For the third time this year, several missiles were fired from populated areas targeting short to mid range objectives. The last one occurred on the night of August 1st at 11:45 and clearly targeted Baabda, an area where are located the Presidential Palace and the headquarters of the Lebanese Army. This attack on a high-security military zone created a turmoil among the people living in the area as well as the Army Intelligence that was put on maximum alert.
Earlier this year, two missiles launched from a small forest near Kfarshima hit the northern suburb of Beirut; sending a message to Hezbollah in one of its stronghold. On June 20, a second batch of the Grad missiles were launched from a distant location in Ballouneh (Keserwan) and landed in the area of Baabda.
This triggered me to elaborate an amateur opinion about the military logistics behind perpetrating such attacks.
1. Objective of the operation
This is the base point from which decision makers define the purpose behind the mission. Either to send a message, to kill, to cause a bloodshed, or to create confusion. This kind of decisions are directly linked to the political instability that is reigning in Lebanon and in the surrounding countries.
Timing was also essential.
The first operation happened after a public speech of Sayyed Hasan Nasrallah and targeted a Shiaa area of Beirut, the second took place on the night when the parliament mandate ended, protestors were filling the streets of Beirut and a day before the last meeting of the Constitutional Council regarding the appeal against the extension of this same parliament. The third operation targeted Baabda and occurred on the Army Celebration Day, that also included a symbolic speech by President Michel Sleiman.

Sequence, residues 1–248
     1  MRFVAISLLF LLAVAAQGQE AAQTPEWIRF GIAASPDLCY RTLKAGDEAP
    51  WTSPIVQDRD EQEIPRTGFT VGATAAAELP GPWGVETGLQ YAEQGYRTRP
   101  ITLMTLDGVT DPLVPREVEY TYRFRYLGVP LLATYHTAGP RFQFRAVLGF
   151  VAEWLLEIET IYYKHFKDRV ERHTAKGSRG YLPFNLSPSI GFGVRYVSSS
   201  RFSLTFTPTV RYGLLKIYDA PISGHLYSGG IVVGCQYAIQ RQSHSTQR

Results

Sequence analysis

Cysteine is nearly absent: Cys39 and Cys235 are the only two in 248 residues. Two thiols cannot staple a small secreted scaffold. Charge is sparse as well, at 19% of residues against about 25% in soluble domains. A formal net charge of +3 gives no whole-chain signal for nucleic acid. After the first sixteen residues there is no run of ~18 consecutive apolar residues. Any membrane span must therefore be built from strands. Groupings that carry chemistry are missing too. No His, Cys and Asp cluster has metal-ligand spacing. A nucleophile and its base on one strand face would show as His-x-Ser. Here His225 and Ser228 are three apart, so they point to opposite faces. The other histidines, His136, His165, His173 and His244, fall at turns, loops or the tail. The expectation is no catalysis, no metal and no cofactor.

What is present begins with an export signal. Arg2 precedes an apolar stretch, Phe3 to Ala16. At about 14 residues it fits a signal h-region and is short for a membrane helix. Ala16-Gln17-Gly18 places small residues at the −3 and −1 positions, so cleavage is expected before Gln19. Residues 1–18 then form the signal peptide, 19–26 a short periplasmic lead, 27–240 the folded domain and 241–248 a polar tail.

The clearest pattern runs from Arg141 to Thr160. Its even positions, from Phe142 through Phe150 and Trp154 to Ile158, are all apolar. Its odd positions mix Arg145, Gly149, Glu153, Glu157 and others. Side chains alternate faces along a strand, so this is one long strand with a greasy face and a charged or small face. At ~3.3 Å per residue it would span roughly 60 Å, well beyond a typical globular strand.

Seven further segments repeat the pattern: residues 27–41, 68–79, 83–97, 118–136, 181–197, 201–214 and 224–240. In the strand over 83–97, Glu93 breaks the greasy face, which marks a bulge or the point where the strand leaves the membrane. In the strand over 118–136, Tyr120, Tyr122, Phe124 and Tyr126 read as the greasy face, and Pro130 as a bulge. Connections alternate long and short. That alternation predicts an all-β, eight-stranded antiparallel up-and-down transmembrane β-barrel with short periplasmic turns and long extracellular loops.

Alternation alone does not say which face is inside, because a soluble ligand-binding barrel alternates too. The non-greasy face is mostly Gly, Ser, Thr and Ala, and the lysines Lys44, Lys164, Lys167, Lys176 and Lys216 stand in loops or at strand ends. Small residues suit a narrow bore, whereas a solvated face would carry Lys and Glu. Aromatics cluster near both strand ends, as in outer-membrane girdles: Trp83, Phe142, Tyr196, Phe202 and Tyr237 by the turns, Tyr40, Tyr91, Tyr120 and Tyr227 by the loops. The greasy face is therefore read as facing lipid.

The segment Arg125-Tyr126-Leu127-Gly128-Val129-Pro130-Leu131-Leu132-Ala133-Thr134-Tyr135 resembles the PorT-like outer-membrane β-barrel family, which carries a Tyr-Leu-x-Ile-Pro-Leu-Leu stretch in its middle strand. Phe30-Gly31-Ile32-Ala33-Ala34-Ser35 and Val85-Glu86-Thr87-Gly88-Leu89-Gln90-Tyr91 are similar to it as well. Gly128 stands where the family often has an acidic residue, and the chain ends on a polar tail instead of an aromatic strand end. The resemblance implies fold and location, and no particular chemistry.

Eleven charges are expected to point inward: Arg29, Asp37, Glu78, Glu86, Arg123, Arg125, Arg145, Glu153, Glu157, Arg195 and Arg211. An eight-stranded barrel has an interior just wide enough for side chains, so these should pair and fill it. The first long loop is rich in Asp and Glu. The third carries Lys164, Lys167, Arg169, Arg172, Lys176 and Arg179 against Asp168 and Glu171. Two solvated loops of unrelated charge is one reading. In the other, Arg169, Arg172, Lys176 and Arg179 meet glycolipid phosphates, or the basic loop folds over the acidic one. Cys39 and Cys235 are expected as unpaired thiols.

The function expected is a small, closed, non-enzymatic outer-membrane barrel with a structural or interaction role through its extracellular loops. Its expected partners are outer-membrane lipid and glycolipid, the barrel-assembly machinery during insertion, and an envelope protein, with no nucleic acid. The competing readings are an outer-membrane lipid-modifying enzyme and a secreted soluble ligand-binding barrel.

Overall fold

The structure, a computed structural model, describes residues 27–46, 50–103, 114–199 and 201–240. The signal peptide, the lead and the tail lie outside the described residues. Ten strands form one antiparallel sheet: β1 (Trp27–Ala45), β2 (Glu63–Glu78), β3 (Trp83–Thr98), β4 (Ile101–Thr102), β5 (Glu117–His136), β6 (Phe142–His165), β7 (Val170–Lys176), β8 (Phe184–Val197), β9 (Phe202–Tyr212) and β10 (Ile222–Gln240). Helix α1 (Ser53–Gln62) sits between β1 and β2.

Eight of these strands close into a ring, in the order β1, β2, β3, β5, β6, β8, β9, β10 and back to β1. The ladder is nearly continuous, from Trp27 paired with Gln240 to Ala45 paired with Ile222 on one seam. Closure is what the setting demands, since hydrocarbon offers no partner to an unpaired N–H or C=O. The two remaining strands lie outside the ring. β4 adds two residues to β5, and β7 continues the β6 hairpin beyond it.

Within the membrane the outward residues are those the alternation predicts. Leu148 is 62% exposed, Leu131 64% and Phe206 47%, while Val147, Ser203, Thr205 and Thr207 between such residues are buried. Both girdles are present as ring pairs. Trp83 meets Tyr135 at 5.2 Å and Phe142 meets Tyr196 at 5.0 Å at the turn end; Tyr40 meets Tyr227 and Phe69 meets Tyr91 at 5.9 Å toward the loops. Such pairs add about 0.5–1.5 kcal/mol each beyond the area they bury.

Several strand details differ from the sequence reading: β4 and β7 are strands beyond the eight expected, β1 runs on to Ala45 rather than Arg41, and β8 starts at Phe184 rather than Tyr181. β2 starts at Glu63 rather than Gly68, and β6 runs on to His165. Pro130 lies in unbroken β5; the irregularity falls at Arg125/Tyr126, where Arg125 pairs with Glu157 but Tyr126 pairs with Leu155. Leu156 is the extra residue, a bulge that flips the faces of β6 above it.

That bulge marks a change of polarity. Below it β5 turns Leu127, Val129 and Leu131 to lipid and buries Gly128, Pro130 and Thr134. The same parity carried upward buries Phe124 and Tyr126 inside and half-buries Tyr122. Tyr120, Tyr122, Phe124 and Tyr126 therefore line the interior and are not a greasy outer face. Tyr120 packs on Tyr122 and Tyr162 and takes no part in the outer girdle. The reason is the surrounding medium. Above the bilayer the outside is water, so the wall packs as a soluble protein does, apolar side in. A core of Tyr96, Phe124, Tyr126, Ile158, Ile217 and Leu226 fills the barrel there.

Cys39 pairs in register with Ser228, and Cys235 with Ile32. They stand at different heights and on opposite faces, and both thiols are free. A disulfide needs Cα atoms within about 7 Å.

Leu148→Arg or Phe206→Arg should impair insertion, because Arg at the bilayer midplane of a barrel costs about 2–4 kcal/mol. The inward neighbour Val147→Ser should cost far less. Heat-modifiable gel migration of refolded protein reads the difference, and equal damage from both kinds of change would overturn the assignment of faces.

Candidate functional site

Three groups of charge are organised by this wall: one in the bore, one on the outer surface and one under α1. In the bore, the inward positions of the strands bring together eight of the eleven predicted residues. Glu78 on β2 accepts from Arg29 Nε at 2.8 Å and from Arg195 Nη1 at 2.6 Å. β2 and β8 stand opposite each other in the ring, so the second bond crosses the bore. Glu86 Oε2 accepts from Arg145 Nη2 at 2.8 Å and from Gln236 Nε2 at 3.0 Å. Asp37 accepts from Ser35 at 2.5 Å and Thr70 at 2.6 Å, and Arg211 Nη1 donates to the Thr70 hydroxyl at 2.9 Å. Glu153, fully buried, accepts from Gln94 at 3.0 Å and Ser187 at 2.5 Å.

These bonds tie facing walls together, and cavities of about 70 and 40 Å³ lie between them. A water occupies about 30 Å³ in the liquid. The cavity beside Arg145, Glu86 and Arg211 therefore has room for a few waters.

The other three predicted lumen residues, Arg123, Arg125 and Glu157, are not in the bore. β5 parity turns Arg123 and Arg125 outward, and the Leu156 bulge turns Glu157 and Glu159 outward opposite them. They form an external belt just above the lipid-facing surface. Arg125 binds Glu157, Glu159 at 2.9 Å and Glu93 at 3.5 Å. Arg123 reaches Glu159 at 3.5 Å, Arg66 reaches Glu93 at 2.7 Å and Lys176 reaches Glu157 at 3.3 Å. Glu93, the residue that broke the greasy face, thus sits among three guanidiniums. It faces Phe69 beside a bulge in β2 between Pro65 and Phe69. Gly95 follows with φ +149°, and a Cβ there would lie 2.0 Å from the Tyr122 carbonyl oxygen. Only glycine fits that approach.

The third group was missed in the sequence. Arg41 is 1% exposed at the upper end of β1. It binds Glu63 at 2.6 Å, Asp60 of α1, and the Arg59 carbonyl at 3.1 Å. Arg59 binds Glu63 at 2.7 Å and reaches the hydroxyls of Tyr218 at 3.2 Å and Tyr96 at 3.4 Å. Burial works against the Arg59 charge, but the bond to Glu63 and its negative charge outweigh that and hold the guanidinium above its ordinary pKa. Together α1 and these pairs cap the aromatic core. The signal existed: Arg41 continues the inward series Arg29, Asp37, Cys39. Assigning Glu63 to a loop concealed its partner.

2. Intel & Team setup
Launching missiles toward a specific target is a very delicate operation that requires coordinates from where the missile is set to be launched. The 128 mm missile is an unguided 35 kg rocket with a ballistic trajectory, therefore it requires coordinates of the area, that are in the possession of the Lebanese Army, the Syrian Army (that occupied this area until 2005), factions and militias that were active during the Lebanese war, or intel was simply bought. The setting of the team should include individuals with military background, capable to handle weapons, scouting, and adequate to blend with the people living in the area.
3. Method & Target
Perpetrators study and decide the best way to reach their objective, whereas observation is key and usually done by different members of the team, and that for days prior to D-Day. By then, the type of missiles is selected and concealed, roles distributed and a drill is conducted to insure a smooth mission. A surveillance team is usually kept in the area, to report any changes that could compromise the operation.
5. Transportation – Installation – Green Light – Getaway
The 2.5 m long missile can be a heavy piece to move around, but perpetrators could have acted in a way that will not bring any suspicion; during the day and under the eyes of the whole population. One possible medium of transportation could be with missiles hidden inside PVC water pipes and transported in a small truck that will look like a regular vehicle going to a construction site. This is the critical part of the operation, whereas the installation and the dispatch of the missiles are done in a matter of minutes to avoid a long and suspicious presence in the area.
By that time, the final green light is given and the launching timer is set for few minutes after the team has left the location.